Keep Your Entryway Looking Classy with a DIY No-Nails Key Rack

Save

eHow Home Blog

eHow-DIY-Key-Rack-18

Keeping your entryway neat and organized can be challenging, especially when you have an expansive key collection. That’s when a DIY key command center can help you keep everything at arm’s reach and looking pretty.

I don’t know about you, but my key collection seems to have a mind of its own. It steadily grows without any (intentional) help from me whatsoever. It all recently came to a head when I needed to access a filing cabinet but couldn’t for the life of me remember which key went to which unit. After working my way through the pile of tiny silver keys, I finally found the one I needed and subsequently added a new key system to my to-do list. Read on to see how I solved the problem once and for all with a no-nails DIY key rack.

eHow-DIY-Key-Rack-01

First, I grabbed a wooden board. I ended up using a piece of cedar plank from the hardware store that was intended for grilling yet was the perfect size for my key rack. (I’ll take any shortcut that allows me to avoid a saw!) Next, I used a ruler and pencil to mark spots for the brass hooks I had purchased (for 29 cents apiece) for my keys to slip over. I placed a hook every 2.5 inches because my board was 15 inches long and I wanted five hooks.

eHow-DIY-Key-Rack-02

eHow-DIY-Key-Rack-21

eHow-DIY-Key-Rack-05

After drawing my marks every 2.5 inches, I went back and made sure that my pencil dots were in a straight line across, exactly 1.5 inches down from the top. Then, I drilled my holes for the hooks using a bit and handheld cordless drill. Be careful not to drill all the way through your board. You need to drill only about a 1/4 inch into the wood — just enough to get a hook going.

eHow-DIY-Key-Rack-06

eHow-DIY-Key-Rack-07

eHow-DIY-Key-Rack-22

After that, it was time for the finish. I used a foam brush to coat the cedar plank with a thin and even layer of gel topcoat urethane. This not only protects the wood but also helps to bring out the grain and color of the cedar itself. To finish, I threaded the hooks into the holes.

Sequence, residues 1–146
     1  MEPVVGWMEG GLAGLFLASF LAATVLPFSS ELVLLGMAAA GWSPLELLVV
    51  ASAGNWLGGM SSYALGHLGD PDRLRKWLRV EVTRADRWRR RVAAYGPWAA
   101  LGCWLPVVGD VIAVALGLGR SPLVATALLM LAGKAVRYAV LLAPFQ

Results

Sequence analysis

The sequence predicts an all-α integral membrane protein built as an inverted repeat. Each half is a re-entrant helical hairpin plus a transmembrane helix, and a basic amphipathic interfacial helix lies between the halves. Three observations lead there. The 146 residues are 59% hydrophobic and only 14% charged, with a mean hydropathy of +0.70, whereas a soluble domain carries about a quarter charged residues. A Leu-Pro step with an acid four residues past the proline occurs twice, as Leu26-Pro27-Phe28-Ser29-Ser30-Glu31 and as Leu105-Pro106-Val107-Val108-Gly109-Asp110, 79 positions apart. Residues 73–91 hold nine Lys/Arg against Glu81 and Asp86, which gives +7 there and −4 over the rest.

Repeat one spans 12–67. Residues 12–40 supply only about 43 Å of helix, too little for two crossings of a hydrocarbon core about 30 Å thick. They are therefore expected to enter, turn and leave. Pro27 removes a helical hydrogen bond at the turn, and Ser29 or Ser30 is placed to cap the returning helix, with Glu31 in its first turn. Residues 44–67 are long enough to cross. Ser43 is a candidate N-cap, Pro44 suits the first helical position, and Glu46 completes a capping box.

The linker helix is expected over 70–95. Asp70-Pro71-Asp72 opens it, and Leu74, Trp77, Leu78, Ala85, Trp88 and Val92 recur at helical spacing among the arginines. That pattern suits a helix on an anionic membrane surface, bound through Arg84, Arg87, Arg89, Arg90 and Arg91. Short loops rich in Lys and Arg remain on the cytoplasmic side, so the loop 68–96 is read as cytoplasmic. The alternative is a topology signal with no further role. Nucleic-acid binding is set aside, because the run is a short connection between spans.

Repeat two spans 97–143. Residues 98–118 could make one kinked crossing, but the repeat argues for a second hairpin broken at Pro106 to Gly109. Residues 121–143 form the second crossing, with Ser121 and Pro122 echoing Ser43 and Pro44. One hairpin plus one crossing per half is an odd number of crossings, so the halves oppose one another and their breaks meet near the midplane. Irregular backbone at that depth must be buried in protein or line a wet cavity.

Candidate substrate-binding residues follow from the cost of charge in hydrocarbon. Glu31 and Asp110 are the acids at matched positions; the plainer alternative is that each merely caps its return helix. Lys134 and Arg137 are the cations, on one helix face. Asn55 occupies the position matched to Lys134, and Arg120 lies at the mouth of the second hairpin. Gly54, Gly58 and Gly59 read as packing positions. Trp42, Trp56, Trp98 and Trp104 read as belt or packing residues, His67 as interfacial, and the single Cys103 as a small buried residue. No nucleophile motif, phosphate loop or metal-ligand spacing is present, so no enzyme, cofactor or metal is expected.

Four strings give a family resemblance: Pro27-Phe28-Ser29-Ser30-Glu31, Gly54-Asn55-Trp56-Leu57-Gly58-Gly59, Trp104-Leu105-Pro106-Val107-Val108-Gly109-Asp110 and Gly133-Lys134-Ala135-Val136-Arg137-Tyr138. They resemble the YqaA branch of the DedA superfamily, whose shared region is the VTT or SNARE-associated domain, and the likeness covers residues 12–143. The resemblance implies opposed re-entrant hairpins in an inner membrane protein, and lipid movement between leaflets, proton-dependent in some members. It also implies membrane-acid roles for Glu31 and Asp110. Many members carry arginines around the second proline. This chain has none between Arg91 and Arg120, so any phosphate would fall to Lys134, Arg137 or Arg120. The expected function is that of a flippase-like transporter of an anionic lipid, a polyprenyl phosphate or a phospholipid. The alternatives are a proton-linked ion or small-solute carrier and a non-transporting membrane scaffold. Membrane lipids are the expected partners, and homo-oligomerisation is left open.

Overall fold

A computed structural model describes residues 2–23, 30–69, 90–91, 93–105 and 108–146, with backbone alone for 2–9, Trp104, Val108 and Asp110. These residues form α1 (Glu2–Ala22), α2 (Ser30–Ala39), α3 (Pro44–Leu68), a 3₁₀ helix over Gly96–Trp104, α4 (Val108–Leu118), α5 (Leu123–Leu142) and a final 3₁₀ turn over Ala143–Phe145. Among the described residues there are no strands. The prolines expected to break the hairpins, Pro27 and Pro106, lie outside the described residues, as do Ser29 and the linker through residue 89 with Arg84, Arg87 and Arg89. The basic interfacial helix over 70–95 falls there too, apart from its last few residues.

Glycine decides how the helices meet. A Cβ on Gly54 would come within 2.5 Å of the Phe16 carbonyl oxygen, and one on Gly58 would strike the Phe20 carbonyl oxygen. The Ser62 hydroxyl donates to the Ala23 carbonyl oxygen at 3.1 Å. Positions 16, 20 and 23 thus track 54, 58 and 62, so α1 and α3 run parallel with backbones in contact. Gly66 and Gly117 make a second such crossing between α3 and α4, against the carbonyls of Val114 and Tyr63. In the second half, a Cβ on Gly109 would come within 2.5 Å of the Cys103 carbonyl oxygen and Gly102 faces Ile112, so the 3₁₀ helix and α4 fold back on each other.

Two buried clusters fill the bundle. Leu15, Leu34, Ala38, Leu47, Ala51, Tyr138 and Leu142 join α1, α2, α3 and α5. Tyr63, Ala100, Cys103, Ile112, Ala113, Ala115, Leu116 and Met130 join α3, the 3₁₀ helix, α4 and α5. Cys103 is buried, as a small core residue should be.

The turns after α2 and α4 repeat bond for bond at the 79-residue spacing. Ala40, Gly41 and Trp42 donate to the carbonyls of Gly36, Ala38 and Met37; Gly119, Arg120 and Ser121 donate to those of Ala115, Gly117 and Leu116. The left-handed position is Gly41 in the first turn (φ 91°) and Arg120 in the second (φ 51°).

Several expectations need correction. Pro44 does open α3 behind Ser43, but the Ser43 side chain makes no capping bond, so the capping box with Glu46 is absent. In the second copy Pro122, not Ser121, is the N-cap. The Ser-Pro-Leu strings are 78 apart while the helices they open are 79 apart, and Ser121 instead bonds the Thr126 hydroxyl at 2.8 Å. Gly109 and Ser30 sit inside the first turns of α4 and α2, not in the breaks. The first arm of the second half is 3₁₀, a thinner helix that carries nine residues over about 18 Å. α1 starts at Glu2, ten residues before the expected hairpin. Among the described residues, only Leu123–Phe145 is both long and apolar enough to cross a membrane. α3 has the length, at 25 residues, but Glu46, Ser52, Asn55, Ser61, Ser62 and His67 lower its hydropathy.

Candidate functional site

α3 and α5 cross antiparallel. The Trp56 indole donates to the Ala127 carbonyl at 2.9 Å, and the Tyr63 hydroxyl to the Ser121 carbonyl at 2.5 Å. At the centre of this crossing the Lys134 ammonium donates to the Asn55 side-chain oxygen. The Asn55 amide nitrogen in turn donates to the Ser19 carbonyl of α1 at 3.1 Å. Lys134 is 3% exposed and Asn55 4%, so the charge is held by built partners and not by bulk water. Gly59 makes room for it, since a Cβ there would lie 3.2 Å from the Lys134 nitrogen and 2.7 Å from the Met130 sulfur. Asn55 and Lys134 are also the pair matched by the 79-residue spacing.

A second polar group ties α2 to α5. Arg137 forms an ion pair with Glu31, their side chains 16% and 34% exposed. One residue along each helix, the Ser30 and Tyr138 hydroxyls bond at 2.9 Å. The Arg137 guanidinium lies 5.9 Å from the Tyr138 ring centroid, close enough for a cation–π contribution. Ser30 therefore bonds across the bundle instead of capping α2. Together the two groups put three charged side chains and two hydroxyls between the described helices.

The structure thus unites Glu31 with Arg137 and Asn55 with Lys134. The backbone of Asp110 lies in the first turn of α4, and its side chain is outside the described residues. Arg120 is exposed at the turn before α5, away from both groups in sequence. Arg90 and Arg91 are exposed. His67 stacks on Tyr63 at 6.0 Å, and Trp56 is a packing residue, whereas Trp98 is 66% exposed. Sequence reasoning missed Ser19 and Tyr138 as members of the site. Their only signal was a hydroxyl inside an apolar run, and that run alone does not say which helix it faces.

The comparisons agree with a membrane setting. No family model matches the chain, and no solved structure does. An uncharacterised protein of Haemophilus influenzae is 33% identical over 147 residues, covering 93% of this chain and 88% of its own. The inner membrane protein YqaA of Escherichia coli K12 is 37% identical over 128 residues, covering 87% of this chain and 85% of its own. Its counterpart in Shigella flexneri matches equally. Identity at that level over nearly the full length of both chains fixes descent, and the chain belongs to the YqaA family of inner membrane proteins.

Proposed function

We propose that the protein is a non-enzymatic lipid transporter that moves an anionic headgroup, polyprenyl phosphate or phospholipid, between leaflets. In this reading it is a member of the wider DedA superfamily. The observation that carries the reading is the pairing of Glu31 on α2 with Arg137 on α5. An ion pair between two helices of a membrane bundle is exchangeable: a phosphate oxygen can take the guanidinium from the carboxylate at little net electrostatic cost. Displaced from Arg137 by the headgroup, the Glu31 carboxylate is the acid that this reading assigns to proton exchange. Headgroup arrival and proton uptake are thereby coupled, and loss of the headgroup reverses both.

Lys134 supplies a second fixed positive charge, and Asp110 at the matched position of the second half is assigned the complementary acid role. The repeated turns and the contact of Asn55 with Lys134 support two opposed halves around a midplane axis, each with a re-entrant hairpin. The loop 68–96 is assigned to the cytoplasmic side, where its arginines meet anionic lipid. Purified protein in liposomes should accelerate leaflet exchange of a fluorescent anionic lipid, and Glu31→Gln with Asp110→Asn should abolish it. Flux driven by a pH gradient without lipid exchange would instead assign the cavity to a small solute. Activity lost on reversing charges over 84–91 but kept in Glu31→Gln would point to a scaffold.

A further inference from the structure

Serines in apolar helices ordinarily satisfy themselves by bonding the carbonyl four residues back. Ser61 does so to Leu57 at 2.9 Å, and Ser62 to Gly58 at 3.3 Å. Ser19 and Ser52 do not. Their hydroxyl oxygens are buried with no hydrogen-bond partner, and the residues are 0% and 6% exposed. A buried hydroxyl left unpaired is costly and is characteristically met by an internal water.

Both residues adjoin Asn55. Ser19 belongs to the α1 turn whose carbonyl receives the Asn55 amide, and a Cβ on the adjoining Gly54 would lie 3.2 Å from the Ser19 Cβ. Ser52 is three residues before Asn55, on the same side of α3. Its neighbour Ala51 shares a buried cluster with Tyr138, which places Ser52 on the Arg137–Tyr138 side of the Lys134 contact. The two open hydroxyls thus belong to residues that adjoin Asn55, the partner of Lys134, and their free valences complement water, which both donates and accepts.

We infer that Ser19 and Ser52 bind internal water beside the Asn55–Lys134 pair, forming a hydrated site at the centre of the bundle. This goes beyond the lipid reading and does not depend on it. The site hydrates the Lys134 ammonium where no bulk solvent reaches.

eHow-DIY-Key-Rack-09

But I wasn’t done yet. As I mentioned, I needed to come up with a new system to keep track of my keys. I ultimately chose to go with leather tags. My go-to for anything leather is Moore & Giles, and I just so happened to have a handful of pretty teal-colored scraps on hand from a chair reupholstery project.

eHow-DIY-Key-Rack-11

So, I used a pair of clean, heavy-duty scissors to carefully snip my scraps into three different shapes — a rectangle, a diamond and a circle — and then used a pair of eyelet pliers to attach tiny brass eyelets to the leather. Then I slipped matching brass key rings onto the tags along with my keys.

eHow-DIY-Key-Rack-12

eHow-DIY-Key-Rack-13

The best part is that the cedar plank is heavy enough that my key rack just needs to lean on the table — no nails, level or holes needed. Now, instead of wondering which key goes with which cabinet, I just need to match the tag with the compartment I’ve assigned it to. It’s a little bit more to remember, but I don’t mind the element of mystery. You see, while I could have used one shape and clearly labeled the tags, a small element of secrecy helps to keep my valuables at least somewhat safe from intruding hands.

eHow-DIY-Key-Rack-14

eHow-DIY-Key-Rack-20

eHow-DIY-Key-Rack-16

Carrie Waller is the writer, designer and stylist behind the blog Dream Green DIY. Photos courtesy of Carrie Waller.

More from Carrie Waller

eHow-Hairpin-Planter-Table-27Make Your Own Planter Side Table Using Hairpin Legs and Wood

Elevate Your Indoor Plants with This Simple Project

How to Artfully Arrange a Bar Cart

Promoted By Zergnet

Comments

M
Is DIY in your DNA? Become part of our maker community.
Submit Your Work!